Academic publishers: The original enshittificationists | by Matt Wall | Apr, 2024 | Medium

peter.suber's bookmarks 2024-04-14


"This concept of enshittification is why Google search sucks now, why your Facebook feed is full of bullshit ads, why there are so many weird porn bots on Twitter, and so on. Once users are locked in, platforms are free to degrade their product, in order to extract more revenue from their advertising customers.

It occurred to me that academic publishers also fit this model quite well, and in fact have been playing the enshittification game for decades. A lot has been written about the evils of academic publishing, but for those readers who may not be aware the business model goes like this: Researchers (mostly funded by public money from government grants) do scientific research. The researchers then give the results of their work to academic journals for free. Other researchers then work (also, for free) to do peer reviews of the papers, which the publishers print in journals and sell back to universities and other organisations, at a massive profit. In fact in recent years, with the advent of ‘open-access’ journals, the researchers often pay (eye-wateringly high fees) to the journal to publish their research as well....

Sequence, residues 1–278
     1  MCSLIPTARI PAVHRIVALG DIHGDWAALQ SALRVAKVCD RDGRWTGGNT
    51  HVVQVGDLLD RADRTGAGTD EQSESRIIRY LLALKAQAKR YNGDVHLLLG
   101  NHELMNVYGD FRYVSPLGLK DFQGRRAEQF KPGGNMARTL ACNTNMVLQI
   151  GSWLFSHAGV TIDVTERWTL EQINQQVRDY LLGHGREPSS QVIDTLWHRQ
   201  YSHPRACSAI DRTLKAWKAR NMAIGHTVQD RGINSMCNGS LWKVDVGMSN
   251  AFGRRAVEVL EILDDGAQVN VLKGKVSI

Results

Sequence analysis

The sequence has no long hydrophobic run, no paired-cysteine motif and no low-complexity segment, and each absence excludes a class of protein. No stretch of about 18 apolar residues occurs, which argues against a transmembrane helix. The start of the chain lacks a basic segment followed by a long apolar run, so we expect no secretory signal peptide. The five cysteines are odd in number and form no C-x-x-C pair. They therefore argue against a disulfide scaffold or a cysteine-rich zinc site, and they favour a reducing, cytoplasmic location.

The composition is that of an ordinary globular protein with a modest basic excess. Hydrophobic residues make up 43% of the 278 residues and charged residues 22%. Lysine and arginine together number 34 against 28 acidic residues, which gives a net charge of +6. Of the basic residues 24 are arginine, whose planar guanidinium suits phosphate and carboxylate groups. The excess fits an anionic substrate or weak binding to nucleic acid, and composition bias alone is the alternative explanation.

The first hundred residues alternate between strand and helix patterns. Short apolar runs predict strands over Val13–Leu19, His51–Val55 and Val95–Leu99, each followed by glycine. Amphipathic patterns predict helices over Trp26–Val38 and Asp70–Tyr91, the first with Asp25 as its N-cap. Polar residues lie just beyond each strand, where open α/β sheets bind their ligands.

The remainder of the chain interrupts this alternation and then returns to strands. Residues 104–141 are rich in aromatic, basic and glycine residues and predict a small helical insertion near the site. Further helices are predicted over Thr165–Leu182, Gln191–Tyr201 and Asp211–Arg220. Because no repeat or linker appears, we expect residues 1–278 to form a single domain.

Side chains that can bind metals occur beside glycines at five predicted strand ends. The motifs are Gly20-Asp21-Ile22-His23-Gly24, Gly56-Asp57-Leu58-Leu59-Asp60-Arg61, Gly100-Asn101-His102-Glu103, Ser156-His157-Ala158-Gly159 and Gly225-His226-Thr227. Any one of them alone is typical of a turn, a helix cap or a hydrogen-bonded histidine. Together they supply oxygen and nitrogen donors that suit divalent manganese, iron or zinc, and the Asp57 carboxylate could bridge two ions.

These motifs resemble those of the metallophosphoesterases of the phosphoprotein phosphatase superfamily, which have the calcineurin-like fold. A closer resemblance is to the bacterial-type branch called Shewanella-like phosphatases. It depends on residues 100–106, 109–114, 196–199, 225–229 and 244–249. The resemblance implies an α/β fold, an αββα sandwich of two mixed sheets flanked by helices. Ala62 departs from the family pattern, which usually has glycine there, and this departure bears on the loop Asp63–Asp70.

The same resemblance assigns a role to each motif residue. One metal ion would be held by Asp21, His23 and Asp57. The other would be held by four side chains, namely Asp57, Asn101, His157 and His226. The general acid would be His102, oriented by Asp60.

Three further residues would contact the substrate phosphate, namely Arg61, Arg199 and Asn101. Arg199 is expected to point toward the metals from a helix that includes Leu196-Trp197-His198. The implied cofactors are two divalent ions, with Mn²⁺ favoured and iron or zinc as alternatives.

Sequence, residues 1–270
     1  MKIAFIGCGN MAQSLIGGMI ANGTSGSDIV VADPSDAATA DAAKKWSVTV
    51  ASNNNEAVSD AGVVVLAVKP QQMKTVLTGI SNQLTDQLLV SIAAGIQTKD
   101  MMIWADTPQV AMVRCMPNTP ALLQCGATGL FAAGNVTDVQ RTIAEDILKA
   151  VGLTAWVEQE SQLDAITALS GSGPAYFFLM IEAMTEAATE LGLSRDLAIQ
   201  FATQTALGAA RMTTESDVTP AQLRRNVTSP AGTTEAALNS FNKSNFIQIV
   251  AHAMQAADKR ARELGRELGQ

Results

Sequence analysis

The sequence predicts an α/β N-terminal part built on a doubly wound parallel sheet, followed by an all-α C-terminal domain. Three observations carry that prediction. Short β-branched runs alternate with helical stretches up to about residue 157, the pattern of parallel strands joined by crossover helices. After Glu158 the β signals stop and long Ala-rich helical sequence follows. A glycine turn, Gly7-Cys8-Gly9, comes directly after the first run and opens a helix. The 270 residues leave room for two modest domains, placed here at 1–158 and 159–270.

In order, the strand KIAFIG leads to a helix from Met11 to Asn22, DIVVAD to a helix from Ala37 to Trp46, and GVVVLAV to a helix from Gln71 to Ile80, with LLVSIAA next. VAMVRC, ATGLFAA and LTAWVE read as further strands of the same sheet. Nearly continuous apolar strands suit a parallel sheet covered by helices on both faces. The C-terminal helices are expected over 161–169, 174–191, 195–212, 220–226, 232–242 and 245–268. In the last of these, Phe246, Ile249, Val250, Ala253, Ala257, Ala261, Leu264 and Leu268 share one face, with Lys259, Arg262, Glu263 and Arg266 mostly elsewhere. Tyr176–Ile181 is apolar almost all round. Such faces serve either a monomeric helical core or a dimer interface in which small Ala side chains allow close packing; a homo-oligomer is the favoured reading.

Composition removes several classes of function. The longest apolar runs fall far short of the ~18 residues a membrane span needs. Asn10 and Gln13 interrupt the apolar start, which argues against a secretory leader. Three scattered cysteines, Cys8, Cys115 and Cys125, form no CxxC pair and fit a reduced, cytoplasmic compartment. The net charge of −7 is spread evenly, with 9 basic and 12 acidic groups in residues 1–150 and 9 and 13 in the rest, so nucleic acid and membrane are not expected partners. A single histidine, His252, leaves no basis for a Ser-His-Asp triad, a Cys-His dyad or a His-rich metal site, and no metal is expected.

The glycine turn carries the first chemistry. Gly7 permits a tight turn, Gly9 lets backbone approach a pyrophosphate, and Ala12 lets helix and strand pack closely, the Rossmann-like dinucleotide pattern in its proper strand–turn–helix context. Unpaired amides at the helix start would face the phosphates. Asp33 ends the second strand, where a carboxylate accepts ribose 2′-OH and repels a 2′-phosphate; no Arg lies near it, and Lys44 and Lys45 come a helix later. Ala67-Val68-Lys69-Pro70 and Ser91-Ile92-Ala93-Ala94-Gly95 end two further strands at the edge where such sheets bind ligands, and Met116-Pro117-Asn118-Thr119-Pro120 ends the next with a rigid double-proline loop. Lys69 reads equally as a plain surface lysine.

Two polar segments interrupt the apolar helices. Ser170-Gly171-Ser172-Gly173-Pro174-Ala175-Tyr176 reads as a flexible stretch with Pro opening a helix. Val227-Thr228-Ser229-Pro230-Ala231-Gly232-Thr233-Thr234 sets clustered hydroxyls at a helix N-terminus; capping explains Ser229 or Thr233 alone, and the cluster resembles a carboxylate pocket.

So, I think the enshittification model works quite well here. First publishers were good to their users (the researchers). “We’ll publish your paper for free and all your peers and rivals can read it and be awed at your brilliance!” Sounds great. Then they exploit their users — in this case it’s for free labour in performing peer-review of other’s papers and in charging high open-access fees. Then they exploit their business customers (the universities and institutions that buy subscriptions to the journals) by massively hiking up prices to levels that the richest universities in the world say are no longer affordable...."


From feeds:

Open Access Tracking Project (OATP) » peter.suber's bookmarks

Tags: oa.publishers oa.profits oa.business_models oa.economics_of

Date tagged:

04/14/2024, 12:21

Date published:

04/14/2024, 08:22